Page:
Governor Chris Christie has vetoed A-4233/ S-2435 , which means that NJ doctors treating Medicaid can’t get paid for counselling their patients on end of life planning. Perhaps he’s pandering to the absurd claims made in the 2008 Presidential election that by paying doctors to assist their patients to understand the treatment alternatives and choices about foregoing treatment at the end of life, the government would be running “death panels.” Given that he signed the POLST law in 2011, this decision is inconsistent with what the state evidently wants.
New Jersey adopted the Advance Directives law back in 1991. Under the law — N.J.S.A. 26:2H-53 to 78 –, any person who has capacity can write up a statement of their wishes with respect to the use of life supports. The document was called a “Living Will” because it speaks for the person after they lose capacity to express their wishes. Essentially, these documents say that if the patient is mentally incapacitated AND is terminally ill, has severe and irreversible brain damage or is close to death, AND suffers a life-threatening condition (such as kidney failure, inability to swallow, respiratory failure) whereby their life can only be sustained by the use of artificial or mechanical means, THEN the person does not want those mechanisms to be used since they will prolong life but will not solve the underlying chronic condition.advance_directives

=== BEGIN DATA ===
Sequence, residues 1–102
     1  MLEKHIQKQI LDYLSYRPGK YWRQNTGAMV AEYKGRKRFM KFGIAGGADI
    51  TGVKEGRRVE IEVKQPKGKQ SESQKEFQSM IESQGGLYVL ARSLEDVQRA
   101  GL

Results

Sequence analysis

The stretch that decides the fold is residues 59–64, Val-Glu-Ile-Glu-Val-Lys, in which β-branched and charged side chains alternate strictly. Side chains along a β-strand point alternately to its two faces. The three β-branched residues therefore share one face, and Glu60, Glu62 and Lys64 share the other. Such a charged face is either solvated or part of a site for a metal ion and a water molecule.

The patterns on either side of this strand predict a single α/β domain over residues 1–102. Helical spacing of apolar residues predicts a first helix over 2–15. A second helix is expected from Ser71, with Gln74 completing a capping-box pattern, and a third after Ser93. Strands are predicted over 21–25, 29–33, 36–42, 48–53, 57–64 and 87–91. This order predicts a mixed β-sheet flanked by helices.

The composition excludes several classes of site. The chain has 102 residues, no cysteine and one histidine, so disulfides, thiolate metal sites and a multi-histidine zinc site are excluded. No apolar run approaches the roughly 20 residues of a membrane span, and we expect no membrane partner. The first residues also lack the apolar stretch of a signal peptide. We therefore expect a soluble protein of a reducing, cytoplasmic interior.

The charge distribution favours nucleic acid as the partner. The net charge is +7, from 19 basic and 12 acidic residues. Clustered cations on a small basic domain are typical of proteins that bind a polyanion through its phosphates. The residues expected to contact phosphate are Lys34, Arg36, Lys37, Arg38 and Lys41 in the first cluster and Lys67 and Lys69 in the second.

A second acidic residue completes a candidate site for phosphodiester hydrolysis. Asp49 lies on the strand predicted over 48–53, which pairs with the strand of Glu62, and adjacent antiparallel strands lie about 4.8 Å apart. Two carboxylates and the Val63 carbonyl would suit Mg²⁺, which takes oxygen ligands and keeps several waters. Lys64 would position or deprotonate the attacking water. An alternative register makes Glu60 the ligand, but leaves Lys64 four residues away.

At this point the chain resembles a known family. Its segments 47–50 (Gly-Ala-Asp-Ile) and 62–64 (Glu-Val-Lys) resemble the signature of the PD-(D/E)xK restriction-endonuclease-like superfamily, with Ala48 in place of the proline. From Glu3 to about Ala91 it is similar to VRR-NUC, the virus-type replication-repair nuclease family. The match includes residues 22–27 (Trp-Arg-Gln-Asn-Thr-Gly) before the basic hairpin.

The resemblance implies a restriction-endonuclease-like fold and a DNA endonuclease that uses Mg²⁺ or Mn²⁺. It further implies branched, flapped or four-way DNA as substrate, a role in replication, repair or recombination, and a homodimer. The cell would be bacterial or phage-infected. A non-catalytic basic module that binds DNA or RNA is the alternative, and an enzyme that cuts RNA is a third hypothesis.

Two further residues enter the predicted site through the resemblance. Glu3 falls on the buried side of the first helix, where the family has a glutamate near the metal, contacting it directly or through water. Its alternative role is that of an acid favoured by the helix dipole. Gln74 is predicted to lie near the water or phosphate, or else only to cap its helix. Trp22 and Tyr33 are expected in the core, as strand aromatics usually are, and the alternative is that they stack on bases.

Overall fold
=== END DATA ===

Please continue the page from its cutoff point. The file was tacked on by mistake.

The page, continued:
I have to say that the vast majority of my clients tell me that if they were at a stage of life that they no longer had capacity and were already terribly debilitated, they would not want their health care agents to initiate the use of such life support if one of their vital systems failed. I counsel clients on these issues all the time, and answer questions from their agents about just what a certain health care document means. Wouldn’t it be sensible to enable them to discuss these issues with their physician as well?
Medical visits are unfortunately getting shorter and shorter. A meaningful discussion of advance directives can’t happen within the ten or fifteen minutes often allocated to an annual checkup. Why would the Governor have disallowed payment to the doctor for an extended or special visit to help the patient understand these issues? The state’s fiscal estimate showed a truly negligible cost to the state, with full federal reimbursement likely.
Call us for advice and representation concerning advance directives and elder care … 732-382-6070